You Don't Have to Quit Your Job to Get the Job You Want
January 9, 2017
Your job’s a joke, you’re broke, your love life’s D.O.A.
There’s a reason that that famous line in the FRIENDS theme struck a chord. When you’re in your 20s, especially your early 20s, life feels like it’s playing a joke on you for the most part. Chances are you’re stuck on the bottom rung at a company where your superiors are probably inefficient at their jobs, you’re still bitter about how expensive the basics like health care and car insurance are, and you wonder if you’re going to have to resort to Tinder for true love. It’s rough out there, man. Particularly in today’s job market.
My first “real” job was at a multi-million dollar nonprofit. I was a Foster Care Specialist organizing the care for kids across three different counties in Central Florida and meanwhile, I had to show one of the executive directors that you did not, in fact, have to close your browser to “start the Internet over.” He would open a new window each time he wanted to go back to his Google homepage. This is still one of my favorite first-job stories to tell because I can’t make this stuff up.
Since then, I’ve navigated my way from nonprofit limbo to a job in the editorial world that I take pride in. When I was 23 and still working the nonprofit world, I knew I wanted to change industries but had no idea how to do it. The editorial world felt intimidating and untouchable. As tempting as quitting my job to serve tables while I figured it out or traveled across Europe in hopes that it would make me more interesting was, I didn’t do either of those things. Instead, I began mapping my steps out piece-by-piece with no idea where it would land but optimistic that it would be closer to where I eventually hoped to be. And it worked.
Here are a few ways I found that you can make your next move without putting your next paycheck in jeopardy.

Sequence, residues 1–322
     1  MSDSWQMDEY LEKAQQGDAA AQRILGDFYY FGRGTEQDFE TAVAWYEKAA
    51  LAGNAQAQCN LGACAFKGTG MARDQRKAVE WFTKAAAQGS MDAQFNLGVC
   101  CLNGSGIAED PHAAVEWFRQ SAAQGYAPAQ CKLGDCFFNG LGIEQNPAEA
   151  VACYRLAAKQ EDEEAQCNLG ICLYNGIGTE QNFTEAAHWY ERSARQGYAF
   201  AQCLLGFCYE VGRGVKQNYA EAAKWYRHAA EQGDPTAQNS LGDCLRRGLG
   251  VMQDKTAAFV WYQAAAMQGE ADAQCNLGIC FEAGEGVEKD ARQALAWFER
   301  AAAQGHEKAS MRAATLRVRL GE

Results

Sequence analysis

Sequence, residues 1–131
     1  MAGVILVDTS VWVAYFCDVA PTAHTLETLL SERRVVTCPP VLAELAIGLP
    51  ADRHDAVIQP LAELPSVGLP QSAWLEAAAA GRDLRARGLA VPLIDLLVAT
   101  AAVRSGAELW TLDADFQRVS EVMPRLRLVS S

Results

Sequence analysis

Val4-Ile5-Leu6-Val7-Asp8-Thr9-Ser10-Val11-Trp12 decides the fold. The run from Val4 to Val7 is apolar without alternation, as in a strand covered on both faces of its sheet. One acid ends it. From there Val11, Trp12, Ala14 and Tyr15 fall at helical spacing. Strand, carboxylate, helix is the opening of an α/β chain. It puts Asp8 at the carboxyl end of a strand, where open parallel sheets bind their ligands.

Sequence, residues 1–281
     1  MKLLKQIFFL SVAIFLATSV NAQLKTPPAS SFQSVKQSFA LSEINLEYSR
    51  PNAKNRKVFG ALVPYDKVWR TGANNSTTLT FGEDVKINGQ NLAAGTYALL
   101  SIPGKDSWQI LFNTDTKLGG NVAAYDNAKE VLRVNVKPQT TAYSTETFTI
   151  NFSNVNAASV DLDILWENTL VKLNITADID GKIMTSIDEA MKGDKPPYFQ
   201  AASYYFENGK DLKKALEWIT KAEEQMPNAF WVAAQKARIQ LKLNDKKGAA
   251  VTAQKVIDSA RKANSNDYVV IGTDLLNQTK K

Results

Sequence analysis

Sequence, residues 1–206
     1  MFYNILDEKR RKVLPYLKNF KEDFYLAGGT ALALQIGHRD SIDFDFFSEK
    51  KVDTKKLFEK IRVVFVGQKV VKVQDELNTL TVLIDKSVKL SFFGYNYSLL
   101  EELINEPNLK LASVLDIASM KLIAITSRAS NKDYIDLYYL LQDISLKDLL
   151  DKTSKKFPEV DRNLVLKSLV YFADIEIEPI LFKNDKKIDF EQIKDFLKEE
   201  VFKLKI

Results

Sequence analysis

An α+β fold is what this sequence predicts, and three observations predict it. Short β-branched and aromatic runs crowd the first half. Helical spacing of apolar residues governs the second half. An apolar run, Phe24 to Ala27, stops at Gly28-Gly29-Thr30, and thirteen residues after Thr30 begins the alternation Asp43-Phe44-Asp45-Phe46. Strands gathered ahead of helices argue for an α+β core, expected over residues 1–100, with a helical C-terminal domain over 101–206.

Take an audit of your own career.
Whether you’re in your very first job or you’ve hopped around for six years, take a moment to look back. What have you liked about the responsibilities you’ve had? Do you like roles in leadership? Do you prefer to work behind the scenes? Are you an independent worker or do you prefer to collaborate closely with a team?
Trying assumes you’re improving on your effort each time, whether you’re refining your pitch, how you communicate your goals to others or just exercising your courage to try again.
In my own experience, I found myself gravitating to the communications aspect of each position I held. I loved creating newsletters for the nonprofit, I enjoyed running their social media and I spent most of my day scouring the depths of the internet when I was supposed to be doing things my job actually required of me. At the time, my writing wasn’t a vessel for my career, it was just something that came very naturally to me. It was a passion but I never thought about it monetarily.
Ask yourself: What are you most passionate about? What do you do when you don’t think about it? What interests are you most naturally invested in? Are any of these passions industry-driven? If you can’t think of any interests or talents, ask other people if they identify them in you. If the answer’s yes, the next step is mapping out point A to point B.
Do your research.
Once I knew I wanted to go into editorial, I began looking up writers and editors who I respected to better understand their day-to-day responsibilities. I familiarized myself with their work, I looked up their profiles on LinkedIn to see what kind of skills they had in their wheelhouse, as well as what roles they were in before they go to where they were.